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On Friday afternoon, with Boy King in the Lone Star state for his daughter's wedding, the White House finally released its new Executive Branch rules for designating and disseminating what used to be known as "sensitive" information.
Yes, citizens. Today's memorandum: What was once known as "Sensitive But Unclassified" (SBU), is now referred to as "Controlled Unclassified Information" (CUI). Please make a note of it in your party syllabus.
Memorandum For The Heads Of Executive Departments And Agencies
SUBJECT: Designation and Sharing of Controlled Unclassified Information (CUI)
(1) This memorandum (a) adopts, defines, and institutes "Controlled Unclassified Information" (CUI) as the single, categorical designation henceforth throughout the executive branch for all information within the scope of that definition, which includes most information heretofore referred to as "Sensitive But Unclassified" (SBU) in the Information Sharing Environment (ISE), and (b) establishes a corresponding new CUI Framework for designating, marking, safeguarding, and disseminating information designated as CUI. The memorandum's purpose is to standardize practices and thereby improve the sharing of information, not to classify or declassify new or additional information. ...
Read on and enjoy. Preferrably before breakfast.
Last edited by PressCoverage; 05-11-2008 at 03:55 AM..
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In other words when my reign is over, keep your f..ing mouths shut or we will come after you and lock you up in Leavenworth or send you to Bangor to make sure that all signs of Steven King are removed to protect the troops.
“We like to say that dependability is more important than ability,” Bill Belichickism....
Friday's memo doesn't even pretend to rein in secrecy. Quite the opposite, it looks like the Bush administration used the crafting of new rules as an opportunity to expand the range of government secrecy.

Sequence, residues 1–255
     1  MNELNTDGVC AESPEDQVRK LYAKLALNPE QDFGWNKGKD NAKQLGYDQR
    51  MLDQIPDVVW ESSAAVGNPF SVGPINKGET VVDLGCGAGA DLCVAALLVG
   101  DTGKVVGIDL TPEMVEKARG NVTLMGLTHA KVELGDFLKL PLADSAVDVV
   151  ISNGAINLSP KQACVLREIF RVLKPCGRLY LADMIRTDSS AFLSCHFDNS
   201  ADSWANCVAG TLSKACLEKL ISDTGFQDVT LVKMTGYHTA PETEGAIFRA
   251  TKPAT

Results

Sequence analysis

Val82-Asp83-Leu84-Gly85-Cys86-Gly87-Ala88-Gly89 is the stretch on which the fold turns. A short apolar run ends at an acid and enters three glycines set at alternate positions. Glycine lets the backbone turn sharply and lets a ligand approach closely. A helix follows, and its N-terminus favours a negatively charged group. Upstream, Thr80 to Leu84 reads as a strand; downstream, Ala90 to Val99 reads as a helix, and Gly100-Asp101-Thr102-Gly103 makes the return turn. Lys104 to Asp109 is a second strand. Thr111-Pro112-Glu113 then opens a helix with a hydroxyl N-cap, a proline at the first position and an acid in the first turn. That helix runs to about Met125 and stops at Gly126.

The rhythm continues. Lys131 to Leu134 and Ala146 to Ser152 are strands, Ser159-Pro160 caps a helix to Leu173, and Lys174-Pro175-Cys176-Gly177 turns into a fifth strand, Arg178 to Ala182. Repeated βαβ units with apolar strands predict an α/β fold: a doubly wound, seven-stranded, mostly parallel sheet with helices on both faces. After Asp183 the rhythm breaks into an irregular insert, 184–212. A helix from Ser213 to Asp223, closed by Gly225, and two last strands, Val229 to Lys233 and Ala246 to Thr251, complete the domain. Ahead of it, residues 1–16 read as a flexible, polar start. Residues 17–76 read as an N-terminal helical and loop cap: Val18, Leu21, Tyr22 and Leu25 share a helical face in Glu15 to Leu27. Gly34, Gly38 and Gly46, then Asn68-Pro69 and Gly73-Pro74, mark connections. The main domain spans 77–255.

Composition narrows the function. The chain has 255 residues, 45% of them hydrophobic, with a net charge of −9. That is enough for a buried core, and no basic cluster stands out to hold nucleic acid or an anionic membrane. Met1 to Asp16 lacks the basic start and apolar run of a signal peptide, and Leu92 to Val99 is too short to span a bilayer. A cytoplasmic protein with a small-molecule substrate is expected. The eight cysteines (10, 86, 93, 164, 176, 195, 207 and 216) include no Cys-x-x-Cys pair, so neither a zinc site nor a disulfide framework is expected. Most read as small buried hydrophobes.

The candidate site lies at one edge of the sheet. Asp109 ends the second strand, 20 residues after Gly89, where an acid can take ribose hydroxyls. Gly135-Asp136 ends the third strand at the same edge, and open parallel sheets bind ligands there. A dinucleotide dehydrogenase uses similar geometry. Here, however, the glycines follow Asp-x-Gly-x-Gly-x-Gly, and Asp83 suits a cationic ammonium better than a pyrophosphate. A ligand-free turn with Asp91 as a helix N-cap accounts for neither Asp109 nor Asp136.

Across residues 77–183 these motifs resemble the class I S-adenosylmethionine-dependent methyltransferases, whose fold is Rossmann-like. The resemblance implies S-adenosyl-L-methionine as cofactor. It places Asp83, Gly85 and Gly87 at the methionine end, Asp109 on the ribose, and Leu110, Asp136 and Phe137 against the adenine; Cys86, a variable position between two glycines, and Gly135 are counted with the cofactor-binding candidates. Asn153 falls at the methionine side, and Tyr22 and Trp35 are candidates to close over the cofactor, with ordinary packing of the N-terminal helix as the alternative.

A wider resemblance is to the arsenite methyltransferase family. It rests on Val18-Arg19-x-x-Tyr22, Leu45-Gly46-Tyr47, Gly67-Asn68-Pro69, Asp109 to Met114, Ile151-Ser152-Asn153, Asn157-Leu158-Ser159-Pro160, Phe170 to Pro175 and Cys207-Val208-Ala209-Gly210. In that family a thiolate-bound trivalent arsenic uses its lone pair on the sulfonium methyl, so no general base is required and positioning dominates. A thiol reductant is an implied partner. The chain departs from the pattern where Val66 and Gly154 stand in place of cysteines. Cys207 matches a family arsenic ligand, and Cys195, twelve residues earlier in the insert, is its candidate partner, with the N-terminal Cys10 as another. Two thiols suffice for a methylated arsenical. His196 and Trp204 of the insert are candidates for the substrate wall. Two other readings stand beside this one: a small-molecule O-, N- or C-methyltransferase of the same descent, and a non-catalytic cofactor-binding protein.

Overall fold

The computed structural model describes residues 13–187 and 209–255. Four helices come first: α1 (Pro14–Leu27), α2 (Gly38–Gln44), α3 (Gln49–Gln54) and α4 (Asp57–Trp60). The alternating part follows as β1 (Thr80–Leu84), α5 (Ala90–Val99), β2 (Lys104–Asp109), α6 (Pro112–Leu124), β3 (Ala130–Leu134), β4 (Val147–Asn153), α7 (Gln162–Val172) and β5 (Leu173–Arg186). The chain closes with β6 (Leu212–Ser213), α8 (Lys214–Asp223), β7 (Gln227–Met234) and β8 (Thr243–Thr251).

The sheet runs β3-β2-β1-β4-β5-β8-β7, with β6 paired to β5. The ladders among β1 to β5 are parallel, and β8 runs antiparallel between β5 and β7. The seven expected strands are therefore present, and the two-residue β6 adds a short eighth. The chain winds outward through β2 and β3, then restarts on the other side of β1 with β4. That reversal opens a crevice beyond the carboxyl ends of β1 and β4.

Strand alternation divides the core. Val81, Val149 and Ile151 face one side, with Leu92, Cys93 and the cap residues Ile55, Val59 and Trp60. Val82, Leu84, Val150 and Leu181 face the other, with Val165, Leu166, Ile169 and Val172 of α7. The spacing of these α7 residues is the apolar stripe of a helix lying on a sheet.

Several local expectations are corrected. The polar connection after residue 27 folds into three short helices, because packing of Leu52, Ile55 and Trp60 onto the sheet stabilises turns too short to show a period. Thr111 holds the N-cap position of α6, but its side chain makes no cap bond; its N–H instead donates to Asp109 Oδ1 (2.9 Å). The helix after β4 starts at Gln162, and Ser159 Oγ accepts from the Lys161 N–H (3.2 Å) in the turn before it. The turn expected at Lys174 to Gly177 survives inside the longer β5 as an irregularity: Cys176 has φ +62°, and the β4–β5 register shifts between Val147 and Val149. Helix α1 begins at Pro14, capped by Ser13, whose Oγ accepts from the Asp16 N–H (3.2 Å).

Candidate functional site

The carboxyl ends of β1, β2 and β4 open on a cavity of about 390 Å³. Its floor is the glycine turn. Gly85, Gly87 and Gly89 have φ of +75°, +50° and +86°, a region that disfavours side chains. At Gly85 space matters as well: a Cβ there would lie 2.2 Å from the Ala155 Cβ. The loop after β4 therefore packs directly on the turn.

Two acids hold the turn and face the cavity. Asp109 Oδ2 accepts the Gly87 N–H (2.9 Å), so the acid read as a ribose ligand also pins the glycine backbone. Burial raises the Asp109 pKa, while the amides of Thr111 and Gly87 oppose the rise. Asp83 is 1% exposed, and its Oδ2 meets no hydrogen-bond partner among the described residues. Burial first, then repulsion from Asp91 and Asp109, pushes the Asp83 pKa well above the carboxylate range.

As the semantic shift in the name change indicates (SBU to CUI), the new rules have policy implications that go beyond mere information-sharing. The new term ('controlled') indicates the intended outcome (i.e. secrecy), whereas the old term ('sensitive') had provided a justification for keeping 'Unclassified' material secret. That suggests immediately that the Bush administration wants the CUI classification to justify itself - to cut off by definition any appeal for publication of a document.
The timing of the rules' publication is the second clue that something more may be at issue than the mere tidying up of terminology. There was a long delay between the time the WH received the draft rules and when they were made public. Already in late December the DoD said it anticipated WH approval of the rules "shortly", and indeed it created a task force to implement the rules. A draft of the rules had been finalized in 2007 by "an interagency panel chaired by Ambassador Thomas McNamara, program manager of the Information Sharing Environment, an office under the Director of National Intelligence." McNamara has always emphasized in testimony to Congress that his goal was to simplify categories of "sensitive" classification so as to permit "the great majority of the information which is now controlled" to be left wholly unrestricted: "that is the system that we are trying to put together, a rational limited set of categories that…can be applied to controllable information, but leave most of it as fully unclassified.”
That may have been McNamara's goal, but it does not really describe the new rules as published on Friday. Instead, the memo rather strikingly creates open-ended grounds for classifying information as "Controlled". Here is its definition of the term CUI (all emphases are mine):
"Controlled Unclassified Information" is a categorical designation that refers to unclassified information that does not meet the standards for National Security Classification under Executive Order 12958, as amended, but is (i) pertinent to the national interests of the United States or to the important interests of entities outside the Federal Government, and (ii) under law or policy requires protection from unauthorized disclosure, special handling safeguards, or prescribed limits on exchange or dissemination. Henceforth, the designation CUI replaces "Sensitive But Unclassified" (SBU).
"Pertinent" is about as vague as a limitation can get. In any case, Bush declares here that the CUI designation is to be used when his policies "require protection from unauthorized disclosure". It's a big rubber stamp for anything the President wants to keep from anybody, including the public. I can think of any number of obnoxious "policies" that this administration would have reason to believe required protection from disclosure. Later on the memo adds the normal clause stating that classification cannot be used to conceal illegal acts and embarrassing information. Its effect however, as regards the Bush administration, is slight since so many top officials appear to have no sense of shame and anyhow they're quite determined that everything the President orders is legal ipso facto.